Congress (NSDA 2024): A Bill to Invest in Small Modular Reactors (SMRs) to Reduce Carbon Emissions

Small Modular Reactors (SMRs) are advanced nuclear reactors that have a power capacity of up to 300 MW(e) per unit, which is about one-third of the generating capacity of traditional nuclear power reactors. As stated in the bill, SMRs are designed to be factory-assembled and transported as a unit to a location for installation. This modular approach offers several advantages over conventional large-scale nuclear plants, including lower capital costs, shorter construction times, and greater flexibility in siting and deployment.

The proposed bill aims to invest $20 billion annually in the creation and infrastructure development of SMRs, with the goal of reducing carbon emissions. This significant investment reflects the potential of SMRs to contribute to the transition towards a more sustainable and low-carbon energy future. However, like any technology, SMRs have both pros and cons that need to be carefully evaluated.

Pros of Small Modular Reactors

  1. Lower Capital Costs: SMRs have a lower upfront capital cost compared to traditional large-scale nuclear plants, making them more affordable and accessible for a wider range of stakeholders, including smaller utilities and developing countries. This is due to their modular design, which allows for factory assembly and streamlined construction processes (
  2. Scalability and Flexibility: SMRs can be deployed incrementally to match the growing energy demand, allowing for a more gradual and flexible investment in nuclear power. Their smaller size also makes them suitable for remote or off-grid locations, as well as for integration with other energy sources, such as renewables (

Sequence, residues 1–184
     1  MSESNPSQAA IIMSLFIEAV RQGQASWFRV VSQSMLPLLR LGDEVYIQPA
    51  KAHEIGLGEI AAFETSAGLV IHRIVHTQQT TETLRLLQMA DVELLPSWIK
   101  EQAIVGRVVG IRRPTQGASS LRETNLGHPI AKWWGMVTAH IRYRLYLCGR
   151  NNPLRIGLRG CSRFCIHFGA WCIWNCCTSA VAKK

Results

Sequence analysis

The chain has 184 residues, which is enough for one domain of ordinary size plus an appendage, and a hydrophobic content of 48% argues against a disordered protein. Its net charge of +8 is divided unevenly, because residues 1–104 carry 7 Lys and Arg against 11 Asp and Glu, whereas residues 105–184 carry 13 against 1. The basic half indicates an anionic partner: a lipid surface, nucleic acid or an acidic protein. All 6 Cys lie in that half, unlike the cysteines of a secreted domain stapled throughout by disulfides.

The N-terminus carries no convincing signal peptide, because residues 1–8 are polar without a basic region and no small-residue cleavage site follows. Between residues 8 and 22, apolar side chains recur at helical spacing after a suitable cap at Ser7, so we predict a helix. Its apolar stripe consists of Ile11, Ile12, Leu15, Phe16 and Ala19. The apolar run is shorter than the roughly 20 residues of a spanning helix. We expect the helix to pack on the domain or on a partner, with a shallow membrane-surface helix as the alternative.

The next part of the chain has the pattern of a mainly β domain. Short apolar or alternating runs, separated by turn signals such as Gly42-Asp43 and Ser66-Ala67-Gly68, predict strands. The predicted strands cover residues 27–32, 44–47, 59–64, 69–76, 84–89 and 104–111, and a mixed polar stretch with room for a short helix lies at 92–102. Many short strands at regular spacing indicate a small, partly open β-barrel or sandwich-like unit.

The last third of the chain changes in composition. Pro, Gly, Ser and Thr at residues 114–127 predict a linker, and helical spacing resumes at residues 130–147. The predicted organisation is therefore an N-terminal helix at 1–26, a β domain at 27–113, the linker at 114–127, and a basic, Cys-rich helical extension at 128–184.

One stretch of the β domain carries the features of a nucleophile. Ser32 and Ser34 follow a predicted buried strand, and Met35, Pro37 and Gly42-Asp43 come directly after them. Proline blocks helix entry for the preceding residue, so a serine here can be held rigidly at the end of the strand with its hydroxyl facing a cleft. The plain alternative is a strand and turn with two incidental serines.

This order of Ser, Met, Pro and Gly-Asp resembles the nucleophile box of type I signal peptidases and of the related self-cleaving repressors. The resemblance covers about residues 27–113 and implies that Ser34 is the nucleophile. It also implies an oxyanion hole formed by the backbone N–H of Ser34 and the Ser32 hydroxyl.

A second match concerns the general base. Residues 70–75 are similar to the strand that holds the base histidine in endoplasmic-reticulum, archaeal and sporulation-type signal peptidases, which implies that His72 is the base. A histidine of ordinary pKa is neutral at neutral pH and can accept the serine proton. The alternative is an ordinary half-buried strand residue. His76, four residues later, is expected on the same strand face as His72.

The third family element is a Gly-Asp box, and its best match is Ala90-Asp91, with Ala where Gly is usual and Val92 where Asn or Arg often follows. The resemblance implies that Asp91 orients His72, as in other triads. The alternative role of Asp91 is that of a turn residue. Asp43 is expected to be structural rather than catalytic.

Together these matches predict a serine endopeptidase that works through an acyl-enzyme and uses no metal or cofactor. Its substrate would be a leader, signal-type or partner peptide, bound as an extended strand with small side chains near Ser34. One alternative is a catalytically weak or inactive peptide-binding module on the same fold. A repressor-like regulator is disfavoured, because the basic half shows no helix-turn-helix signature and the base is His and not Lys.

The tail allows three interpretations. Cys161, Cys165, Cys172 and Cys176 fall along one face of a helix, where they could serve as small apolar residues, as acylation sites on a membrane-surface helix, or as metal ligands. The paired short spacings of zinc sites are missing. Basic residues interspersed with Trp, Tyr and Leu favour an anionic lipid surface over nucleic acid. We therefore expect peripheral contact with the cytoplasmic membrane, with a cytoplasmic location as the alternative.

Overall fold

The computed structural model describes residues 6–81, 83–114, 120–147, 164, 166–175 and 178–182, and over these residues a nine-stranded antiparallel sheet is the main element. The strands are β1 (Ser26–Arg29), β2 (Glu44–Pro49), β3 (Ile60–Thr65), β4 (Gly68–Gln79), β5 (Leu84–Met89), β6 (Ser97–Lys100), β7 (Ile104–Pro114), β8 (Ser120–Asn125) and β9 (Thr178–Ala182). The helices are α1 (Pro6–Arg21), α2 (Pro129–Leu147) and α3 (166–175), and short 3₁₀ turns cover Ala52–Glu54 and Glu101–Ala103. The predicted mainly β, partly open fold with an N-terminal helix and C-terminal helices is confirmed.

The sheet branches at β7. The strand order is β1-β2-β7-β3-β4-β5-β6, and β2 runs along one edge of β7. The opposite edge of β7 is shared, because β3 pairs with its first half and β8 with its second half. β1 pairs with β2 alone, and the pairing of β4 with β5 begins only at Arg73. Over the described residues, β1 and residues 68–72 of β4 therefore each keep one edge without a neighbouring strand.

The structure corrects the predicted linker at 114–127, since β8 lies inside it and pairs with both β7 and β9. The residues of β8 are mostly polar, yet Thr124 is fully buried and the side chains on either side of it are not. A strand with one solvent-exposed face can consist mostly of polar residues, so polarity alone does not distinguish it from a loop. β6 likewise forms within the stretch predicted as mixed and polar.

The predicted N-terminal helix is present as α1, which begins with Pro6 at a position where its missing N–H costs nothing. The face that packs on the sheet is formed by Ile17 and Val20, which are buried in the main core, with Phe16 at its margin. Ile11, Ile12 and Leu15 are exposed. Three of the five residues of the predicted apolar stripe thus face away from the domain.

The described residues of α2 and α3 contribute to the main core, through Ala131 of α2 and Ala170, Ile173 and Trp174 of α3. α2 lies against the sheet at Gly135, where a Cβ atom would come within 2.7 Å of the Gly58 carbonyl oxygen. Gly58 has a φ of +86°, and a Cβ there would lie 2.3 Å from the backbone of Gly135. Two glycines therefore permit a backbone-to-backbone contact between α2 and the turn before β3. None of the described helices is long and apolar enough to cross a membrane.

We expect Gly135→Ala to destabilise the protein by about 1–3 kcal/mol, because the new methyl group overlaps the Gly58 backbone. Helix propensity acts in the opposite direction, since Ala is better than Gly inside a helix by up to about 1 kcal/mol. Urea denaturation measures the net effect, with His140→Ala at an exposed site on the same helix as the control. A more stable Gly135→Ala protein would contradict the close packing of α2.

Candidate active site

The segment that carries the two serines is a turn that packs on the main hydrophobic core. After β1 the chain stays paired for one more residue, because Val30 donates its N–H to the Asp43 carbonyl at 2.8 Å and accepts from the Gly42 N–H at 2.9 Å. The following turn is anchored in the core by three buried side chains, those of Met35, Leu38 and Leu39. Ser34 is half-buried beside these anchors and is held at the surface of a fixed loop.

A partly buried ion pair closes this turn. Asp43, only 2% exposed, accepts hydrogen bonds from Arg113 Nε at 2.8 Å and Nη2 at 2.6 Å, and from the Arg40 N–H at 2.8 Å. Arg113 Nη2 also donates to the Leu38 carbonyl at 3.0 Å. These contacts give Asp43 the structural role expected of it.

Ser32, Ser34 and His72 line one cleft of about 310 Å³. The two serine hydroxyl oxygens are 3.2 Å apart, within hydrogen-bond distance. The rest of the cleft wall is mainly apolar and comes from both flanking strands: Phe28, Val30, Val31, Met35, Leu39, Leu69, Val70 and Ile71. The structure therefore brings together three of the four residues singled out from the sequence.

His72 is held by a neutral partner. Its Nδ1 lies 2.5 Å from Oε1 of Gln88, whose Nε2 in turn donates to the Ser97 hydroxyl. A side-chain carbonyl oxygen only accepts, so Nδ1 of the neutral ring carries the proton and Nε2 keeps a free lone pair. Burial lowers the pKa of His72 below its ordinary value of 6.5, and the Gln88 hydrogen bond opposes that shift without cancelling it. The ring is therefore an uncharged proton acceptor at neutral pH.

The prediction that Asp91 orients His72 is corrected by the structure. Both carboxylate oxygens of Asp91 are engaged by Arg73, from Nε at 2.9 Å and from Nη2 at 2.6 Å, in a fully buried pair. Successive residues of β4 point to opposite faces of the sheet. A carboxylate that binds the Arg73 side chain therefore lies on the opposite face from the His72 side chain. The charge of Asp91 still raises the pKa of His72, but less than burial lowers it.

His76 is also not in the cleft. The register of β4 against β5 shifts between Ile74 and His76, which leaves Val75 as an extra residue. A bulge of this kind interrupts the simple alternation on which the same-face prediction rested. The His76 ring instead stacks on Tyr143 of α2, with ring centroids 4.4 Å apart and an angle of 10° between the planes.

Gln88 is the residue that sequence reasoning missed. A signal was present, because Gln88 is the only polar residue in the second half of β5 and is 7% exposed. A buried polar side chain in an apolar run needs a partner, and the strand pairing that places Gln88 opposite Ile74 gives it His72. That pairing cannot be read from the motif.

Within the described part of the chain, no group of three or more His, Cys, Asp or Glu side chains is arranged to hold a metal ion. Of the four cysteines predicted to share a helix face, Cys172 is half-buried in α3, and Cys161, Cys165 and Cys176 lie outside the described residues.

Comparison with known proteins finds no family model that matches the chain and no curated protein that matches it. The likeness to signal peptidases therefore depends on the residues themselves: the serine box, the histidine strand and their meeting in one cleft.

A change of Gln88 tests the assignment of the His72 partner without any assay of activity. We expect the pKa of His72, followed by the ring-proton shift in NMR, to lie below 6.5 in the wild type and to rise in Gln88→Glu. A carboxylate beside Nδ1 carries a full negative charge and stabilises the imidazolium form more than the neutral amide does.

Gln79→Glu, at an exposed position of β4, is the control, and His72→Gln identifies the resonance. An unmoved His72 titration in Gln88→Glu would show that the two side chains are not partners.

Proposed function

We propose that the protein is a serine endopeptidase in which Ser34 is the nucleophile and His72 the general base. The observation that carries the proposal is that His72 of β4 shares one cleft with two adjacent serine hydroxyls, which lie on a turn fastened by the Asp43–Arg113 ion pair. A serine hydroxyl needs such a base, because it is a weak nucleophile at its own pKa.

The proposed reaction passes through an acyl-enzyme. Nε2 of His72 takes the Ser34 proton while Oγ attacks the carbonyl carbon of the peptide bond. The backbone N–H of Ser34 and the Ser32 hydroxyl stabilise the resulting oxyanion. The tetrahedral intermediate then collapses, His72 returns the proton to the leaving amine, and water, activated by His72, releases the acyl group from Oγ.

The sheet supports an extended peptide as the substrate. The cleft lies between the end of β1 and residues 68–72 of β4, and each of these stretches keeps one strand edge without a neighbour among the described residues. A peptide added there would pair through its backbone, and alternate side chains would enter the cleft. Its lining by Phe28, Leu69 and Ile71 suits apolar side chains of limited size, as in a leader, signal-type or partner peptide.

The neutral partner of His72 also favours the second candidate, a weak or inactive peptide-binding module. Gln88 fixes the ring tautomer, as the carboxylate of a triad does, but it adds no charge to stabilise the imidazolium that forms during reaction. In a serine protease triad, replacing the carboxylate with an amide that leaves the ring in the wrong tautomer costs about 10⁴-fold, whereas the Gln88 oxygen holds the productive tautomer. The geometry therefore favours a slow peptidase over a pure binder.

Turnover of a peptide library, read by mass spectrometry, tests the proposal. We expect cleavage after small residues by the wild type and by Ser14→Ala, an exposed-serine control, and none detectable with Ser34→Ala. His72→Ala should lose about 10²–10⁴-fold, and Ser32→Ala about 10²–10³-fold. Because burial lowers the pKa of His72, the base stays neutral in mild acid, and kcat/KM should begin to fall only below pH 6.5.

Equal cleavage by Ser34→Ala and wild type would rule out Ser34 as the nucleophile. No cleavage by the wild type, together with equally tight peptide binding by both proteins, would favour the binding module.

3. Enhanced Safety Features: Many SMR designs incorporate passive safety features that rely on natural laws of physics, such as natural circulation and gravity, to shut down and cool the reactor during abnormal conditions. This reduces the reliance on active safety systems and human intervention, potentially improving overall safety (
  4. Reduced Environmental Impact: SMRs have a smaller physical footprint and require less cooling water compared to large nuclear plants, potentially minimizing their environmental impact. Additionally, as a carbon-free energy source, SMRs can contribute to the reduction of greenhouse gas emissions and mitigate the effects of climate change (
  5. Potential for Cogeneration: Some SMR designs can operate at higher temperatures, enabling them to provide both electricity and process heat for various industrial applications, such as desalination, hydrogen production, and district heating (

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